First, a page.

UC Berkeley Report: Efficiency & Energy Code Compliance are Found Money for Local Governments

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In this 2014 report from UC Berkeley’s Center for Resource Efficient Communities, Municipal Fiscal Impacts of Building Energy Efficiency in California: A Guidebook for Local Officials, report authors review the impact of the state’s natural gas-related efficiency standards, and share their findings. Excerpts from the Executive Summary are below: the report is available in full here.


Key findings include:

  • The budgets of local governments and special districts, over time, earn back about $3.79 for every dollar that municipalities spend to enforce Title 24, Part 6 building energy standards related to natural gas – in other words, almost a 4:1 fiscal benefit-cost ratio for local government as a whole.
  • Within this total, cities and counties earn back about $1.84 for every dollar that they spend to enforce Title 24, Part 6 building energy standards related to natural gas.
  • These benefits to local government arise mostly from increased property tax revenues, especially for commercial property, that result from property value increases stimulated by natural gas efficiency. Other documented sources of benefits to local government budgets are increased sales tax revenues from household energy savings redirected into purchases in the local economy and from job creation, and avoided health impacts and productivity losses among local government workers.
  • Other benefits not estimated in this report due to insufficient data include tax revenue enhancements from indirect job creation from redirected energy savings; tax revenue enhancements resulting from the sale of equipment and materials used in building energy efficiency improvements; avoided climate change impacts; and local governments’ own direct savings from reduced energy usage in their own building stock. Inclusion of these benefits would likely push the overall fiscal benefit-cost ratio well above 4:1. In addition, this estimate includes the costs to enforce building energy efficiency standards as a whole, not just the natural gas components, making the overall net fiscal benefit estimates for natural gas more conservative than they would otherwise be.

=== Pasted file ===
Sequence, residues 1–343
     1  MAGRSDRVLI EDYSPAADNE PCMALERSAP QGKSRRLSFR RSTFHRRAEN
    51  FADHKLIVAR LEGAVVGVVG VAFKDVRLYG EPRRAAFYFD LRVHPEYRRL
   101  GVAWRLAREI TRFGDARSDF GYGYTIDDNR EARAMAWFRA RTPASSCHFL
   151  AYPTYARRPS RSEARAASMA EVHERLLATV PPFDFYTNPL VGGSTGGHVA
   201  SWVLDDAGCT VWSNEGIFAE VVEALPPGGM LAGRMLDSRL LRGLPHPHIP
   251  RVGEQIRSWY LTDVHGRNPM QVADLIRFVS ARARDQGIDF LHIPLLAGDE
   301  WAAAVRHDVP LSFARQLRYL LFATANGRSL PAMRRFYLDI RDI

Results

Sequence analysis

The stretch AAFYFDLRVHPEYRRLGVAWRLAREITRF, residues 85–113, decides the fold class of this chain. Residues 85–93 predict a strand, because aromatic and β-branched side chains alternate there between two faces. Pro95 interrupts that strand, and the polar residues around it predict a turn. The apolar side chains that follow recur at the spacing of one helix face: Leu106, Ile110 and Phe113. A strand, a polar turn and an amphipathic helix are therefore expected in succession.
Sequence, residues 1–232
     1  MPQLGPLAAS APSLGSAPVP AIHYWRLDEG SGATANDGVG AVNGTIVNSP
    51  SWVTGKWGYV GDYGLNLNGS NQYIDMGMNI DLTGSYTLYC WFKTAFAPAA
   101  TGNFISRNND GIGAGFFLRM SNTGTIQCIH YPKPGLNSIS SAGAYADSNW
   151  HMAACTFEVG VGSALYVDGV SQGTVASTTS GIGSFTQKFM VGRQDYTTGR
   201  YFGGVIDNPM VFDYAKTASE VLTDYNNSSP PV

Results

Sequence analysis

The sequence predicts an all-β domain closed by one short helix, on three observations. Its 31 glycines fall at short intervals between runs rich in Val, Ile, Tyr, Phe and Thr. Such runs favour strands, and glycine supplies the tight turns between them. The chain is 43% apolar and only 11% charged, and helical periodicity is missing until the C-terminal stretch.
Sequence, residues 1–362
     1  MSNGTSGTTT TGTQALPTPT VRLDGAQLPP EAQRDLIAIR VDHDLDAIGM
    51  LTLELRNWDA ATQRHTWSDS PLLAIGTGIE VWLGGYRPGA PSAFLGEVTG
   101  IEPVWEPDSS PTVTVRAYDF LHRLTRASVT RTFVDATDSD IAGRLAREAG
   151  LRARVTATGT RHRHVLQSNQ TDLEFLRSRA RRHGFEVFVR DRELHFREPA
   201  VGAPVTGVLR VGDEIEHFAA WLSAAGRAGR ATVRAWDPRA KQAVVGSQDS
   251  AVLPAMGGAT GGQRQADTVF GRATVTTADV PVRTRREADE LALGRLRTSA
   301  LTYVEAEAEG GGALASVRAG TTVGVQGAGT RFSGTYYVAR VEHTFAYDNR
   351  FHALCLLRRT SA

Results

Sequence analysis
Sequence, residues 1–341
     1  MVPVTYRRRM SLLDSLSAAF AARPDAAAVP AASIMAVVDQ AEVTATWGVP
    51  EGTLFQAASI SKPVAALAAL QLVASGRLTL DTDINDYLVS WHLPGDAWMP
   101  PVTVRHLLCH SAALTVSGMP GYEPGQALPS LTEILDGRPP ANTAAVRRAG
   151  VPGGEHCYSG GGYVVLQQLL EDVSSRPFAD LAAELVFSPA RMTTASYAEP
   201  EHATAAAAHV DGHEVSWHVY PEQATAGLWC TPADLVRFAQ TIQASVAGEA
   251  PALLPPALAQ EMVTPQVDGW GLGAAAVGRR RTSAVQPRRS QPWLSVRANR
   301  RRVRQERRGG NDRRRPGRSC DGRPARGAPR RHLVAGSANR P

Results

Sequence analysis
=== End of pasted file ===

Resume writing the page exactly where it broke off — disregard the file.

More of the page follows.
• For any given building or set of buildings, the cost borne by local building departments for building code enforcement occurs once, but most of the benefits described above accumulate continually for decades. This is the main reason why fiscal benefits, over time, significantly outweigh fiscal costs.

There are substantial additional benefits to local property owners, the local economy, public health, and the global climate over and above these municipal fiscal benefits. But even if budgetary impacts were the only consideration, this report shows that vigorous enforcement of building energy standards is “found money” for local governments. Municipalities should re-double their enforcement efforts, and strive to remove existing barriers to higher compliance rates throughout the state, to take full advantage of these benefits.

Keep reading UC Berkeley CREC’s report here.

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